Kenya has already put considerable effort to policy development and strategic planning with the aim of accelerating the attainment of health related MDGs, however, these are yet to translate to actual reduction in maternal deaths. Despite the recent observation of an upward trend in contraceptive prevalence rate (CPR), which raises hope that if it can be sustained, there may be possibility of attaining Target 5B of MDG5 by 2015, the country has neither registered any downward trend in maternal mortality ratio (MMR), neither is there any convincing evidence of an increase in the proportion of births attended by skilled health personnel (Target 5A).

However, successive surveys and other evidence show several serious obstacles remain which interfere with effectiveness of reproductive health interventions, and which must be addressed as a matter of urgency. These include the serious disparities which persist in reproductive health outcomes, especially in relation to area of residence and socio-economic status. Reproductive health indicators deteriorate as the socio-economic status declines and vice versa; so is the case as the distance from the main urban centres increases. Generally, the poor lack access to health care in terms of availability and affordability.

A key barrier is the weakness in health system[i]: health infrastructure, trained human resources, and efficient operating systems. Provision of reproductive health services cannot be considered in isolation, and generally, these services are strong where the health sector is strong, and vice versa. The leading cause of the weak health system is inadequate funding of the health sector. Effective service provision requires an adequate infrastructure, and human and material resources, and ultimately, adequate financial allocation. This is why it is disconcerting that Kenya Government’s allocation to the health sector continues to lag way below what was promised at Abuja in 2001 and in Kampala in 2010. For the fiscal year 2010-11 Kenya allocated just about 5.5 percent of the total Government expenditure to the ministries of Medical Services and Public Health and Sanitation, a level of investment that does not demonstrate high prioritization of maternal death prevention and reduction among the national priorities.

The MDGs are inter-related, so that achievement of MDG5 is closely tied to the progress made in several other goals, especially eradication of extreme poverty and hunger (Goal 1), universal primary education (Goal 2), promotion of gender equality and women empowerment (Goal 3), and combating HIV/AIDS, malaria and other diseases (Goal 6). Clearly, if the MDGs are to be achieved by 2015, not only must the level of financial investment be increased, there is need for a rapid scale up of more innovative programmes and policies which aim at overall development and economic and social transformation, nationwide.

It is thus imperative to implement a deliberate effort to target populations with the most need; these in most cases include urban and rural poor, the “hard to reach” groups and people with disabilities. In Kenya, most reproductive health indicators clearly portray big disparities between the poor and the ‘hard to reach’ on the one hand, and on the other, the urban better offs. Health planners must ensure that health needs peculiar to the ‘marginalised’ are factored in, and adequately addressed, in the planning of health services.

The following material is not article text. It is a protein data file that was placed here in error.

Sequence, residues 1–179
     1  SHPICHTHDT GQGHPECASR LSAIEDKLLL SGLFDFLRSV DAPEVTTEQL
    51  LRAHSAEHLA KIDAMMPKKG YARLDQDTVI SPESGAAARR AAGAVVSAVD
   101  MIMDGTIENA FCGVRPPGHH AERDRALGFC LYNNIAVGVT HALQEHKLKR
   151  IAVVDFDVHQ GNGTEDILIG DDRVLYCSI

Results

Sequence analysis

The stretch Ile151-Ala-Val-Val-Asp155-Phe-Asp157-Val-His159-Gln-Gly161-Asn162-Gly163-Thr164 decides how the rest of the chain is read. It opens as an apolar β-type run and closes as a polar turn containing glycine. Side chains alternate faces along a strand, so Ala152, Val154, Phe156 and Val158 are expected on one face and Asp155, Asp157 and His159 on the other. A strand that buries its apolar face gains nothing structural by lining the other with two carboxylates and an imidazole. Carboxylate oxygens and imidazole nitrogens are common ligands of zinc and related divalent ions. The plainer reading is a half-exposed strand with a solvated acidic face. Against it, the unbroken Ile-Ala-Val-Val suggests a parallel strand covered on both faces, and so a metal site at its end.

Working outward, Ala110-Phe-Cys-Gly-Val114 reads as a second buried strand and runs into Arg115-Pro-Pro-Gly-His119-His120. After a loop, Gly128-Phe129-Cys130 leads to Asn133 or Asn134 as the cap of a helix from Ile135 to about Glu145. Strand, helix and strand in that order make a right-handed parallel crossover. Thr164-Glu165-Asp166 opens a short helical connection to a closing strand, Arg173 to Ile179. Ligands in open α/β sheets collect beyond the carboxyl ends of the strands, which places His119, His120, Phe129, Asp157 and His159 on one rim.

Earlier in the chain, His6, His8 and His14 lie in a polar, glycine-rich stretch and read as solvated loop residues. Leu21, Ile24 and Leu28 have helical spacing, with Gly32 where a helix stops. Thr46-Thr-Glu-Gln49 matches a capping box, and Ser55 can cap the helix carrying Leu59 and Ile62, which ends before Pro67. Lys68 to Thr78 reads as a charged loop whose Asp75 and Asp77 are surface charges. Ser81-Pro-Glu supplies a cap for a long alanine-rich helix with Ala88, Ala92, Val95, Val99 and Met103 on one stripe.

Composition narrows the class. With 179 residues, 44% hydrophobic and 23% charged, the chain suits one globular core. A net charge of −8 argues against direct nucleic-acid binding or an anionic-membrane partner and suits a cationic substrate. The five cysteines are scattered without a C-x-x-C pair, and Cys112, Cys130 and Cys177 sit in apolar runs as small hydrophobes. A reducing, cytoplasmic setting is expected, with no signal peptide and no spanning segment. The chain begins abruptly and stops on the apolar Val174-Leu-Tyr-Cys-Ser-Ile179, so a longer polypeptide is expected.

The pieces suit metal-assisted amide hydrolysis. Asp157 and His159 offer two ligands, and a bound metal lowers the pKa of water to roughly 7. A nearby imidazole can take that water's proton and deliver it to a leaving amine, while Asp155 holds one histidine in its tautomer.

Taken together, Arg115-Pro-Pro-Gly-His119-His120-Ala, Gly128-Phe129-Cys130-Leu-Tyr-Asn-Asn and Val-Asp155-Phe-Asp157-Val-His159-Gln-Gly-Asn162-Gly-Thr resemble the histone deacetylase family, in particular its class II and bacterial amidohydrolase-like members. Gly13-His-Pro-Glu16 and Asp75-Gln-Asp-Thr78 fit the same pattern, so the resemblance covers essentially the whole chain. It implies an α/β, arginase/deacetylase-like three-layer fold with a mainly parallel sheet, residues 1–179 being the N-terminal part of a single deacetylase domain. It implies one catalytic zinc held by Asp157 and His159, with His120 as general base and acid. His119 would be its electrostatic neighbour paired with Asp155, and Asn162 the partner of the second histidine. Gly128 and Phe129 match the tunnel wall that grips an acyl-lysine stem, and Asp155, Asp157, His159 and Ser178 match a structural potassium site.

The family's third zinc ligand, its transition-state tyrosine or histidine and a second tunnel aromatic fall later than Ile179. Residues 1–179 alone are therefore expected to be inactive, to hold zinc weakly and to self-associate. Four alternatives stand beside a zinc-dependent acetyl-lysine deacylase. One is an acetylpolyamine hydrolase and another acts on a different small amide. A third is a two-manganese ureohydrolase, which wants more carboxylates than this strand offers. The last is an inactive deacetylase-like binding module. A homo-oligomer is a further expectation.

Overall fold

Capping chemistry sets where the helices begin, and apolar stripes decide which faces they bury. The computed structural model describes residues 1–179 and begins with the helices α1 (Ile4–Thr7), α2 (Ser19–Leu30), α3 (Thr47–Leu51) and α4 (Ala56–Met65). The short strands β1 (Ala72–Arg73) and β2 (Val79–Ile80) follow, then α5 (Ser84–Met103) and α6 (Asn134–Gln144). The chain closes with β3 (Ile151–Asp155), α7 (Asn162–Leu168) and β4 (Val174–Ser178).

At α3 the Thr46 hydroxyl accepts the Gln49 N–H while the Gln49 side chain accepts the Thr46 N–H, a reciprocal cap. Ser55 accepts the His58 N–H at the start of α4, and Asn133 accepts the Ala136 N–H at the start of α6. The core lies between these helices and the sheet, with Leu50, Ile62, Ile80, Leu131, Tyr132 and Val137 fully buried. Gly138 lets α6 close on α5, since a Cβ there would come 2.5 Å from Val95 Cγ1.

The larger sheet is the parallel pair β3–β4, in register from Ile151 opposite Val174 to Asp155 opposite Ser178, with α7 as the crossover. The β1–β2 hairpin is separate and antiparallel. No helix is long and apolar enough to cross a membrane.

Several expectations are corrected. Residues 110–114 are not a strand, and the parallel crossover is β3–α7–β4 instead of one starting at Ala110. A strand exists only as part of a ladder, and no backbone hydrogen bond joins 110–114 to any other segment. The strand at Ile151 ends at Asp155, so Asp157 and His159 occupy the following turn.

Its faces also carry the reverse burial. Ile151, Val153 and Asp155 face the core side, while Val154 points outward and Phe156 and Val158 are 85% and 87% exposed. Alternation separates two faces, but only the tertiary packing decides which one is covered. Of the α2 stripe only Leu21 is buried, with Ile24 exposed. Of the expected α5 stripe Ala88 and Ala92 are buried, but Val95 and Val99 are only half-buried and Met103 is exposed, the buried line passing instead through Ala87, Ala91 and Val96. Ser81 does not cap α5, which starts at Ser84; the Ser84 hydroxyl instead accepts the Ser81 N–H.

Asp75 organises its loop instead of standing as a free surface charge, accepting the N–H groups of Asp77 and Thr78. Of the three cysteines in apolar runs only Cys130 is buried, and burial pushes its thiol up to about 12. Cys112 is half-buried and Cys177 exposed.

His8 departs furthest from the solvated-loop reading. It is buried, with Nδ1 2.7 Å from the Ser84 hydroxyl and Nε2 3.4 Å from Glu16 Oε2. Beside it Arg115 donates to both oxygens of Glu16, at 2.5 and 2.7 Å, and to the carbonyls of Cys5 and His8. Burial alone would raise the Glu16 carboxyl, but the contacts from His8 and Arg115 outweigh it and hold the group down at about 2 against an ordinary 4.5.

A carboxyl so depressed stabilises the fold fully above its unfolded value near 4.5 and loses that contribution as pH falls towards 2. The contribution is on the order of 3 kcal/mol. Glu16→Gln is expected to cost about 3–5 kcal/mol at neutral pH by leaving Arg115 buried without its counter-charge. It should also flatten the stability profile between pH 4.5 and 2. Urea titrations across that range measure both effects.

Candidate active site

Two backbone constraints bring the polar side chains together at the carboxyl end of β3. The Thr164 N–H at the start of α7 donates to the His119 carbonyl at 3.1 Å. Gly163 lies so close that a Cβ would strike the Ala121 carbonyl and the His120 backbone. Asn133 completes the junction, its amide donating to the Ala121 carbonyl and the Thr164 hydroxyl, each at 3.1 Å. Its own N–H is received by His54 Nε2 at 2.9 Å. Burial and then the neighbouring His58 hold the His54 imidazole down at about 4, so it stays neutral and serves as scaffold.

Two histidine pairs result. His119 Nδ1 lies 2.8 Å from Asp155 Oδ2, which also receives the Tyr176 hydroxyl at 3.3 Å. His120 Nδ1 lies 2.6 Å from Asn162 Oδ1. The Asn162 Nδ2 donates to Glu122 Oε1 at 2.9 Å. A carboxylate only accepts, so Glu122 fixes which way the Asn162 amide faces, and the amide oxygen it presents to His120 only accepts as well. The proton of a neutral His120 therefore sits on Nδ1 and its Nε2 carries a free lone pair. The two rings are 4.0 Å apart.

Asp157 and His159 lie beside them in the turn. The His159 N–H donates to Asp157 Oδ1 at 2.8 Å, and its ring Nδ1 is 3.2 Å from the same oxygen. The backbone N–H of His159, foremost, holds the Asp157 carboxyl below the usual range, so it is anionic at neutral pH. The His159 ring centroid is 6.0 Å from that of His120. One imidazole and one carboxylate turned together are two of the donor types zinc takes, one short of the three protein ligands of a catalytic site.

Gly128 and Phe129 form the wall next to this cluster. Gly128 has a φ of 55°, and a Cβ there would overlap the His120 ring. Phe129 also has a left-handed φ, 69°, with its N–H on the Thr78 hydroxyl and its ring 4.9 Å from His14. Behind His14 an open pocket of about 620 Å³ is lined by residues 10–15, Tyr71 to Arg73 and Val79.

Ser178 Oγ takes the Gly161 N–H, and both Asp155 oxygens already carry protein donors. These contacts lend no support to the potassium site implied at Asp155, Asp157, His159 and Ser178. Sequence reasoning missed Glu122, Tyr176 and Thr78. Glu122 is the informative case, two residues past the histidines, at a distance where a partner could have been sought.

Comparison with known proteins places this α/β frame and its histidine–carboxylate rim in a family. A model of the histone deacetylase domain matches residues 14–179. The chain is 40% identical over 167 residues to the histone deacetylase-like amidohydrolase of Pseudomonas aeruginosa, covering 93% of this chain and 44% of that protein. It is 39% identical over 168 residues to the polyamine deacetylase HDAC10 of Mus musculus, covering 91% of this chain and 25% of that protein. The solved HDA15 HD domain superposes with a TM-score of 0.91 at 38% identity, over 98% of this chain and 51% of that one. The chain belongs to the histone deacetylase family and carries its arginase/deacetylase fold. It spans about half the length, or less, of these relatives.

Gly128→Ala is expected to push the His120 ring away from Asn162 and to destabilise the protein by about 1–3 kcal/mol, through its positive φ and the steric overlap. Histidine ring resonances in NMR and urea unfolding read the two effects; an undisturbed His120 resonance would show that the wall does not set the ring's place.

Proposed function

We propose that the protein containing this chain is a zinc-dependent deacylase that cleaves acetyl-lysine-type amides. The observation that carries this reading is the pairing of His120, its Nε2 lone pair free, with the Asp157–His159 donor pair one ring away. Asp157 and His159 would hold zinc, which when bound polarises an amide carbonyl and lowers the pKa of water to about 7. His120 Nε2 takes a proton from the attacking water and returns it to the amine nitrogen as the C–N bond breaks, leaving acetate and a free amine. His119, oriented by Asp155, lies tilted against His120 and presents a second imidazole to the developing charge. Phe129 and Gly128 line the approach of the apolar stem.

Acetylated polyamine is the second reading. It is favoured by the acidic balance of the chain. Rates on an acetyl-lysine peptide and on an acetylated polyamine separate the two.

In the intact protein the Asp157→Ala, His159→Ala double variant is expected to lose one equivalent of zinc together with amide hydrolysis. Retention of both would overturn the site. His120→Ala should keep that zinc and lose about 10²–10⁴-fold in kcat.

Finally, the Constitution of Kenya (2010) provides opportunities for enhancing health in general, including reproductive health and rights of Kenyan women. Article 43 (1)(a) states: Every person has the right to the highest attainable standard of health, which includes the right to health care services, including reproductive health care. In addition, Article 27 guarantees the right to equality and freedom from discrimination, which encompasses within itself the right of the poor and marginalised persons to adequate and quality health care.

[i] According to the World Health Organisation a health system comprises all structures, institutions and resources that are devoted to producing actions whose primary intent is to improve health.

It Makes Good Sense To Prioritise Health In Development

Many governments in Africa have not yet recognised the importance of health in the overall national development; consequently, they have not allocated commensurate resources to the health sector. The levels of health budgets in many of these countries do not demonstrate that health is rated as a high priority among other national needs. Despite the fact that in 2001 African countries pledged at Abuja, to increase health sector budgetary allocation to 15% of government expenditure, and although they repeated this pledge in Kampala in July 2010, in most of these countries national budgetary allocations for health remain far below this target. For example, for the fiscal year 2010-11 Kenya allocated just about 5.5 percent of the total Government expenditure to the ministries of Medical Services and Public Health and Sanitation. As a result, out-of-pocket health expenditures in sub-Saharan African countries are generally high ranging from 6% in Namibia to 62% in Chad, and nearly 45% in Kenya. The implication of this is that ill health contributes significantly to, and perpetuates, poverty because health related costs result in the depletion of people’s meagre resources. Irrespective of where sick people seek treatment, be it in public or private health facilities, or private pharmacies and dukas, or even the herbalist, this is to a large extent dependent on their access to cash or household assets that can be sold in order to pay for the out-of-pocket health expenses.